• Creating Sepharad: Expulsion, Migration, and the Limits of Diaspora

    The expulsion of the Jews from Spain in 1492 represents one of the most significant diasporic moments in Jewish history. However, a shared diasporic consciousness among the exiles, what we might call the diasporic “stance” of the Sephardic world, was neither automatic nor universal. Rather, the interconnected challenges of migration, resettlement, and the re-formation of local and translocal communities was a process that endured for much of the sixteenth century, affecting the exiles and their descendants in different ways. This article traces the emergence of the Sephardic diaspora—both as a form of social organization and as a cultural concept—and explores the limits of Sephardic community and identity. My intention is to highlight the strengths and the limits of the diaspora model as a means of understanding the nature and development of Sephardic society in its formative phase.

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  • Deterritorialization of Belonging: Between Home and Unhomely in Miral al-Tahawy’s Brooklyn Heights and Salman Natur’s She, the Autumn, and Me

    In this article, I argue that Mīrāl al-Ṭaḥāwī’s Brooklyn Heights (Brūklīn Hāyts, 2010) and Salmān Nāṭūr’s She, the Autumn and Me (Hiya, Anā, wa-l-Kharīf, 2011) call into question the very fixedness of the concepts of “homeland” and “diaspora/abroad,” and obscure the distinction between the indigene and the relocated diasporic subject. She, the Autumn and Me (Hiya, Anā, wa-l-Kharīf, 2011) is the most recent novel by Palestinian Israeli writer Salmān Nāṭūr (b. 1949), a seasoned writer of short stories, novels and critical writings. Brooklyn Heights is the fourth and most recent novel of the Egyptian Bedouin Mīrāl al-Ṭaḥāwī (b. 1969), who stands out as the first Egyptian Bedouin woman to publish modern Arabic prose. Through their portrayal of characters who are outcasts or loners, these contemporary novels complicate and deconstruct axioms which imply a reciprocal association between homeland and belonging, on the one hand, and exile/diaspora and foreignness or estrangement, on the other. In this study, I interrogate portrayals of the homeland in both texts, as it is conceived through shades of belonging and foreignness; and how “abroad” is portrayed vis-à-vis an originary homeland, in layered diasporic terms, and yet also conflated with home and homeland.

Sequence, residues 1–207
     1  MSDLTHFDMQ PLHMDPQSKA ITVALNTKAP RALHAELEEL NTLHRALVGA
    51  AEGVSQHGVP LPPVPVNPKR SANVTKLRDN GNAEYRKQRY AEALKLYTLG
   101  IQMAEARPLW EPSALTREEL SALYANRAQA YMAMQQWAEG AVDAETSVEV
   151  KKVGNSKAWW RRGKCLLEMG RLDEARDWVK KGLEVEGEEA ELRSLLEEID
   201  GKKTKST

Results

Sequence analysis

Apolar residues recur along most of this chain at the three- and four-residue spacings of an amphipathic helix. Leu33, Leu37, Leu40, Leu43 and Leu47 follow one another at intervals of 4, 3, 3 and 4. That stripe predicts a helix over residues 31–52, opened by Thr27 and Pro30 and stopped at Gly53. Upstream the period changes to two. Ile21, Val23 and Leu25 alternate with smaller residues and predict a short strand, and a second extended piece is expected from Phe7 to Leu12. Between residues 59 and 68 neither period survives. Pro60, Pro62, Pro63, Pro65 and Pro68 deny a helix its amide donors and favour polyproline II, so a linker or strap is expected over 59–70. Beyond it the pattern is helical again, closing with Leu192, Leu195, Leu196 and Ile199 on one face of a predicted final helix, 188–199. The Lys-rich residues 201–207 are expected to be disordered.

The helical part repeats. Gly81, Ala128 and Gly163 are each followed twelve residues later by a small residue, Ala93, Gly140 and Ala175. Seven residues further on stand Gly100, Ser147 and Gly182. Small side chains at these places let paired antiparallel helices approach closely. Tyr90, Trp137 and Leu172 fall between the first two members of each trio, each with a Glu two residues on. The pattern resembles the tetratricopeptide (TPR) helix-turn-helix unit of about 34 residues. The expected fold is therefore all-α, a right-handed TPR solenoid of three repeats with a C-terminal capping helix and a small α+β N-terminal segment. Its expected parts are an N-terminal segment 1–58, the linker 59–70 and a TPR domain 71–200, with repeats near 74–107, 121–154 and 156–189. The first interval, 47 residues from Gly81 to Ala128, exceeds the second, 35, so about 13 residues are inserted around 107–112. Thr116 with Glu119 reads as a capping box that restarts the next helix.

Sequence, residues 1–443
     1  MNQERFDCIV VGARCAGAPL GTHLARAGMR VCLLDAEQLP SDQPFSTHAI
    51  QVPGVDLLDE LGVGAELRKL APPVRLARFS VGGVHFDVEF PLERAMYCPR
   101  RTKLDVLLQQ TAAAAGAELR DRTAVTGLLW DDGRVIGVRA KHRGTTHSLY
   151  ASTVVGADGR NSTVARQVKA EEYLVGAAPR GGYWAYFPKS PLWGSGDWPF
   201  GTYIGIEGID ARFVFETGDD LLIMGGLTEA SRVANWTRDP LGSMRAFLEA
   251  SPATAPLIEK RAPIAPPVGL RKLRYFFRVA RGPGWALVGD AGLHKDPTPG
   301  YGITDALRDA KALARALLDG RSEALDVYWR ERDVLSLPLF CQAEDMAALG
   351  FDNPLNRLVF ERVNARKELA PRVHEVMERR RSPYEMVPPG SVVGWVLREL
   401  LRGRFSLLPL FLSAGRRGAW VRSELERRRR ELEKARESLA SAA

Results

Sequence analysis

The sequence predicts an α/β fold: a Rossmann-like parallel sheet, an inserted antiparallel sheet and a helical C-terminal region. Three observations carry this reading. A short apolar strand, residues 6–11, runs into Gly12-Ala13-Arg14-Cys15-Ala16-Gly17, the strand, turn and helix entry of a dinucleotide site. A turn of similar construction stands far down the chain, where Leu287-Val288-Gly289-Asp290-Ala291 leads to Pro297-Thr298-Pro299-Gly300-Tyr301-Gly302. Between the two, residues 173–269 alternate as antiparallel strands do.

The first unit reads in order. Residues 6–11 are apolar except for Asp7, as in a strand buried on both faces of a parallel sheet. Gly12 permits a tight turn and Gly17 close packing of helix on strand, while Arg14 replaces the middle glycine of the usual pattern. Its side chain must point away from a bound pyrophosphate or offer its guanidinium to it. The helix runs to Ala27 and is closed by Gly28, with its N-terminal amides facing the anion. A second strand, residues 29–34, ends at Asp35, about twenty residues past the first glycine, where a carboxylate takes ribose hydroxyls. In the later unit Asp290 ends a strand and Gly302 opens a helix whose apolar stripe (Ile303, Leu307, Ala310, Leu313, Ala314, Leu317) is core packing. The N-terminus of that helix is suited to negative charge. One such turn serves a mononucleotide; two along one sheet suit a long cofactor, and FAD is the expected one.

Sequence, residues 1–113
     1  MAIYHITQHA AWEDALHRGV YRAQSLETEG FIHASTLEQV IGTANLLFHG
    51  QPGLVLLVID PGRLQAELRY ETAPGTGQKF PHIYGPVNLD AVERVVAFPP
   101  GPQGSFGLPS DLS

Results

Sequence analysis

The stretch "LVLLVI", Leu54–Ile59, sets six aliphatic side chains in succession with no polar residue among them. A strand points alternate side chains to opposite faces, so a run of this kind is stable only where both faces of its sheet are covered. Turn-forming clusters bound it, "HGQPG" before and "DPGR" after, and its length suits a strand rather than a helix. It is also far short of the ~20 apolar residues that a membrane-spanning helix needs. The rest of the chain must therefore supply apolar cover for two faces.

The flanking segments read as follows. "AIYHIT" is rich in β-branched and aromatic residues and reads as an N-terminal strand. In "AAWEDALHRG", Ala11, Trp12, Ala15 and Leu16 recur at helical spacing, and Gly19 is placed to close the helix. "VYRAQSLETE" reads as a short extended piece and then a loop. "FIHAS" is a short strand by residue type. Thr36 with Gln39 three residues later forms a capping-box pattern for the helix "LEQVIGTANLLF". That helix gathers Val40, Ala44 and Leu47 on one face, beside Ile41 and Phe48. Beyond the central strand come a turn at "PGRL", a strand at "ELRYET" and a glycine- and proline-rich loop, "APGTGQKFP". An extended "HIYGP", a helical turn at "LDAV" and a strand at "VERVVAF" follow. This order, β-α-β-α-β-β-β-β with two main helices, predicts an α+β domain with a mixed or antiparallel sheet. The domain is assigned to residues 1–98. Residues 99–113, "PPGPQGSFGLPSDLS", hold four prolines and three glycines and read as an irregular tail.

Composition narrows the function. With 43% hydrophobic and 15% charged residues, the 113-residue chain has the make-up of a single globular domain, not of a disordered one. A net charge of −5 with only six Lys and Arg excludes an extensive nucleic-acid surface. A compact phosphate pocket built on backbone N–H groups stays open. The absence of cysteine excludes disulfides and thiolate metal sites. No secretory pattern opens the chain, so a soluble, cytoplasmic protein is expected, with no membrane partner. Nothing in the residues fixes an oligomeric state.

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  • The Jewish Precedent in the Spanish Politics of Conversion of Muslims and Moriscos

    The figure and the problem of the converso are often addressed in Abravanel’s works, especially after the 1492 expulsion, as has already been noted and studied by earlier scholars. Yet the link between Abravanel’s theological-political conceptions and his disseminated remarks on converts has not been studied as such. In this article I will try to partially fill this lacuna by studying a few of Abravanel’s important texts on the converts and by highlighting their theological and political background and meaning. Modern historiography has attempted to separate the political dimension of the converso phenomenon apparent in Abravanel’s biblical and messianic commentaries from the theological hermeneutical framework in which it is expressed. The following study focuses on Abravanel’s apologetic use and explanation of the conversos’ fate as it comes to the fore in several passages of his messianic work Mashmia yeshua (Announcer of salvation) of 1498 and of his commentary on Ezekiel of 1504. Abravanel’s messianic apology of Judaism after 1492 developed a certain theological and political meaning of the conversos’s destiny, which pointed at the converso not as a political figure revealing the historicity of the religious community but as a necessary by-product of exile participating in the messianic history of Israel and even revealing the stage it had reached.

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